Esfiha

Spinach Filling by Food & Wine Magazine, Photos by Priscillakittycat

Official statistics say there are at least 6 million Lebanese descendants living in Brazil, but the real number is most likely closer to 10 million.  The Lebanese have influenced us in many ways.  The way that interests me is food!  I would like to share the recipe for a Lebanese pastry I love to prepare…and eat.  Esfiha.

The traditional Esfiha filling contains ground meat.  You know what an empanada is, right?  Well, in my opinion, the Esfiha is much better than an empanada.  The dough is remarkably soft and light, almost like an Italian milk bread.  My cousin, Carla, gave me the recipe for her Esfihas and taught me how to prepare them more than 20 years ago.

Esfihas are featured on the blog today because I received a request from my dad: “What’s the name of that thing you make with the meat inside?”  What he meant by the question:  “Can you make that thing with the meat inside?”  The problem with Esfihas is they are just like cats.  You can never have just one.  Let’s make a deal.  Don’t ask me about my cats and I won’t ask you how many Esfihas you ate.

Note: Prepare either of the fillings first and refrigerate. Then work on the dough.

Tangy Spinach Filling

1 small onion, minced
1 tablespoon ground sumac (see Note) or fresh lemon juice
Salt
One 10-ounce package frozen chopped spinach, thawed and squeezed dry
1 tablespoon pine nuts
1 tablespoon fresh lemon juice
1 tablespoon extra-virgin olive oil

In a medium bowl, toss the onion with the sumac and a generous pinch each of salt and pepper. Add the spinach and stir in the pine nuts, lemon juice and olive oil. Season with salt and pepper.

Sumac is a fruity, tangy spice that is ground from the dried berries of a wild Mediterranean bush. It is available at Middle Eastern markets.

Meat  Filling

Raw ground beef
Vegetable oil
Juice from half a lime
Salt to taste
Chopped tomatoes
Cilantro
Onions
Green onions

In a bowl, mix together the ground beef and other ingredients.  Roll the meat into small balls, about 3/4 inch in diameter and place onto a baking sheet and cover the sheet with plastic wrap while you prepare the dough.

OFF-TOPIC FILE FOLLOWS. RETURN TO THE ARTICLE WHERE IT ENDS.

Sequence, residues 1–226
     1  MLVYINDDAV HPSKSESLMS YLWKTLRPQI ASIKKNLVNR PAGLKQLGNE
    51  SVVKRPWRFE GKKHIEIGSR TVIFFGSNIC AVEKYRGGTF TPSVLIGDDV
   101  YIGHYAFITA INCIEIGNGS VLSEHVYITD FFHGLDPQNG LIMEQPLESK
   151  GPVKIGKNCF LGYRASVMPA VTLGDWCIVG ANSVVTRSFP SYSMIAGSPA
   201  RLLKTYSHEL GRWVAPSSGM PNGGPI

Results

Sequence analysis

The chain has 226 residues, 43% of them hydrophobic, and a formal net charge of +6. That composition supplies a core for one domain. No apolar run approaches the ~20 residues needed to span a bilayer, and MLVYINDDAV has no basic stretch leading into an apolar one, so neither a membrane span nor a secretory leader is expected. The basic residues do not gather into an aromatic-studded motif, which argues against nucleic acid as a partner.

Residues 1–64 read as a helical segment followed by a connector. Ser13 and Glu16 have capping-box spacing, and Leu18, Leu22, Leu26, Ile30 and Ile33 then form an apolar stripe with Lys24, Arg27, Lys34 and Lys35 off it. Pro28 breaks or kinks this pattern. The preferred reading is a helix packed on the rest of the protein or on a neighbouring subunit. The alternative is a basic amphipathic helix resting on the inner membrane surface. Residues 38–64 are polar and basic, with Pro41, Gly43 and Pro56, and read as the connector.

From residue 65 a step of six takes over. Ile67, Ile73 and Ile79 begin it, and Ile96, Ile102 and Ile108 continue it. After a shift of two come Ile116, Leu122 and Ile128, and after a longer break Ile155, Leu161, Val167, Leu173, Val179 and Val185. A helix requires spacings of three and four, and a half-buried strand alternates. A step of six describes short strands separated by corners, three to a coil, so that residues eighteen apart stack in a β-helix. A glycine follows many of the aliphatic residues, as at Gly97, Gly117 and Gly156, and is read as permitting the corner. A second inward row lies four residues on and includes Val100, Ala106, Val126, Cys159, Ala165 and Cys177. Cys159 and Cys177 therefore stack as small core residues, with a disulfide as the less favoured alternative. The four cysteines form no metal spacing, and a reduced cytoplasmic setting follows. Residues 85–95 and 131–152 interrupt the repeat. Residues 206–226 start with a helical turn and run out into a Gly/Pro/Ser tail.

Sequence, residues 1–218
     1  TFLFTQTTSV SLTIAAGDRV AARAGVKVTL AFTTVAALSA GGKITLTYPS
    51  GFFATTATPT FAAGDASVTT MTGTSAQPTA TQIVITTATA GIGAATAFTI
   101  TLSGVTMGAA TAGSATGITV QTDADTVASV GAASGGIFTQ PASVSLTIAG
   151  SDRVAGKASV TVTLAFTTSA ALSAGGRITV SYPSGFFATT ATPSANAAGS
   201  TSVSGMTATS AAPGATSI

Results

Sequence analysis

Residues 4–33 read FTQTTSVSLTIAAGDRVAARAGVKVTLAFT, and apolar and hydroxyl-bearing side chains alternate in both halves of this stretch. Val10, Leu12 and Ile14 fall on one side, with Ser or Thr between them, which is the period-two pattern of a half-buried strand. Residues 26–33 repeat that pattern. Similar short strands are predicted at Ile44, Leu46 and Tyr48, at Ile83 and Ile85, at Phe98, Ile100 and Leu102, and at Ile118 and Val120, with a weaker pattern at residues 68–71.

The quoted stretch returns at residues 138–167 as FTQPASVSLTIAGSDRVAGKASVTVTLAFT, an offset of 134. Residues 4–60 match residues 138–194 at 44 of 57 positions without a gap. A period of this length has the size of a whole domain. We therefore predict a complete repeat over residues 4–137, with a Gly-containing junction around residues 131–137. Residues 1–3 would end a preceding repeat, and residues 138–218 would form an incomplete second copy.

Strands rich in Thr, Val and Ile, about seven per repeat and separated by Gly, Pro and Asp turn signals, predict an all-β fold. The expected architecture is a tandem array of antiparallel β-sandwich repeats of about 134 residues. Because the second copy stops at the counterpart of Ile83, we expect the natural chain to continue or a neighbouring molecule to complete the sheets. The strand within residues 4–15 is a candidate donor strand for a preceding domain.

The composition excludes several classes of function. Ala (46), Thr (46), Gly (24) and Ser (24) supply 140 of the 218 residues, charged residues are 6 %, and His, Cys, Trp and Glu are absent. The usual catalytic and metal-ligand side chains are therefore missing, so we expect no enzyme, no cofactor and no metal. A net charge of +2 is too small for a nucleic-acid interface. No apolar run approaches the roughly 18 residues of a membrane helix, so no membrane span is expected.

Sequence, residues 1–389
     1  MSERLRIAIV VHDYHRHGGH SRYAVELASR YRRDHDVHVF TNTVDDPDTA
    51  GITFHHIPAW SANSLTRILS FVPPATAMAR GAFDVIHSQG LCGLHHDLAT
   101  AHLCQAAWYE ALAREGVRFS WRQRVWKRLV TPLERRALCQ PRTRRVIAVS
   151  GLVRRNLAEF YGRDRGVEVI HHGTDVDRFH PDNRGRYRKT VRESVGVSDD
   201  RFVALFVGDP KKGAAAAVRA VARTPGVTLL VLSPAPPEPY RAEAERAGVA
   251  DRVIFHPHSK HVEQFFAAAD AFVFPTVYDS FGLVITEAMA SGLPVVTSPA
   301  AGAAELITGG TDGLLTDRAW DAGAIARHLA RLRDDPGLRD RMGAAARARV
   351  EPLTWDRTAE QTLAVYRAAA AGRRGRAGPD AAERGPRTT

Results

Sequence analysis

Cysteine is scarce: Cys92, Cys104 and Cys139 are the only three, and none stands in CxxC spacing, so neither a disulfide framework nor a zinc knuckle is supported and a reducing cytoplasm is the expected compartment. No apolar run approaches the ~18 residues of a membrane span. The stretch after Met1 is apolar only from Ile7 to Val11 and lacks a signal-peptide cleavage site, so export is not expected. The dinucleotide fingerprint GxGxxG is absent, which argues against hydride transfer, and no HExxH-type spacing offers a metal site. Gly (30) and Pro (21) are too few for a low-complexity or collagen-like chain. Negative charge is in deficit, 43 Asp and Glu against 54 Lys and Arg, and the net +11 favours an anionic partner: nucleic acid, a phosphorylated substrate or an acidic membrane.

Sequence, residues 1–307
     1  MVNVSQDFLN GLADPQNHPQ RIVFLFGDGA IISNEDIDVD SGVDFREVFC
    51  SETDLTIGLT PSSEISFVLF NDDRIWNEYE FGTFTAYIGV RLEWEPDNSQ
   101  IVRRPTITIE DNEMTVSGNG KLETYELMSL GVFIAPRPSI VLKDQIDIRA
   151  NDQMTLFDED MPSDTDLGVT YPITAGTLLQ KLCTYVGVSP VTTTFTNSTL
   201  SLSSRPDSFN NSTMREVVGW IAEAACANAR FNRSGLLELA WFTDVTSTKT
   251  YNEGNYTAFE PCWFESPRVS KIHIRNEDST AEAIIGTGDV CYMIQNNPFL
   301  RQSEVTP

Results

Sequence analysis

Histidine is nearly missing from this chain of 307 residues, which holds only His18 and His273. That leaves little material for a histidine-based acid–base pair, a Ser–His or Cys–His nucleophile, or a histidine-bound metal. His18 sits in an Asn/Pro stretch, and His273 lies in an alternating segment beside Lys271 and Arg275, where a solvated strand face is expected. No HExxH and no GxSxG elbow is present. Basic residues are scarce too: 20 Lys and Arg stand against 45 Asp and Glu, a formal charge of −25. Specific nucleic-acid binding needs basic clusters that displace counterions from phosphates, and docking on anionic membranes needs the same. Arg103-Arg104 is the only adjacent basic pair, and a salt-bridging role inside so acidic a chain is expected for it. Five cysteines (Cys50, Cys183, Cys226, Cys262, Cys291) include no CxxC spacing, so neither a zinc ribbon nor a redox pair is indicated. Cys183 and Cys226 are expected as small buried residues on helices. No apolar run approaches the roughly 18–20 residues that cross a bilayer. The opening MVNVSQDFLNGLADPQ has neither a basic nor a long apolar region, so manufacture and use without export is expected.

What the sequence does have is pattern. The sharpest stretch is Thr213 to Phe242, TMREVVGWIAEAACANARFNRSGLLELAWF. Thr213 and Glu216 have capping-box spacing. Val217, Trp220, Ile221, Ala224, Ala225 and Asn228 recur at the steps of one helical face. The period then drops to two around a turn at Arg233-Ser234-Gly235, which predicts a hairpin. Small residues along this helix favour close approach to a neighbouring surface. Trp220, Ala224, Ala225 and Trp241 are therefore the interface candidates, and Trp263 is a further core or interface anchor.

Dough

1 ½ cups warm milk
3-4 packets Fleishmann’s active dry yeast
1 stick of butter (1/2 cup)
salt to taste
1 pinch of sugar
1 kilogram flour

Combine the yeast, butter and flour (Don’t add all the flour at once).  Slowly add the milk while the dough forms.  Add more flour until the dough no longer sticks to the hands.  Knead the dough until it becomes soft and silky.  Pinch a small piece of the dough and roll it into a ball the size of an M&M.  Place it in a cup of cold water and set aside in a quiet spot.  Place the dough in a large bowl and cover with a clean, damp dishtowel.  Set in a quiet spot away from drafts or heat sources.

Preheat the oven to 350F.  When the dough floats to the top of the cup, the dough is ready.  Form the dough into balls (the size of a golf balls).  Roll out each one, then place a meatball inside and pinch to seal, in the form shown in the photos.  Brush egg wash on the formed pastry.  Bake on an ungreased baking sheet for approximately 20-30 min.  Serve warm or at room temperature.  If you like Tabasco or hot sauce, use it.


Hoje pai perguntou: “Como é que chama aquele negocio que você faz…aquele de carne?”  Ele explicou mais um pouco e aí eu lembrei (Esfiha).  E tambem entendi que a pergunta era a maneira dele pedir para eu fazer Esfiha.  Realmente, Esfiha é tudo de bom!

A receita para a massa e o recheio de carne vem da minha prima, Carla.

Massa

1 1/2 copo de leite morno
3 ou 4 pacotinhos de fermento em pó
1 tablete de manteiga
Sal (a gosto)
1 pitada de açucar
Farinha de trigo (+/- 1 kilo)

Junto e fermento, a farinha e a manteiga (não toda a farinha) e va colocando o leite, pouco a pouco.  Acrescente a farinha até a massa não ficar grudando na mão.  (Coloque uma bolinha da massa no copo de vidro com agua e quando a bolinha subir, já pode fazer a esfiha)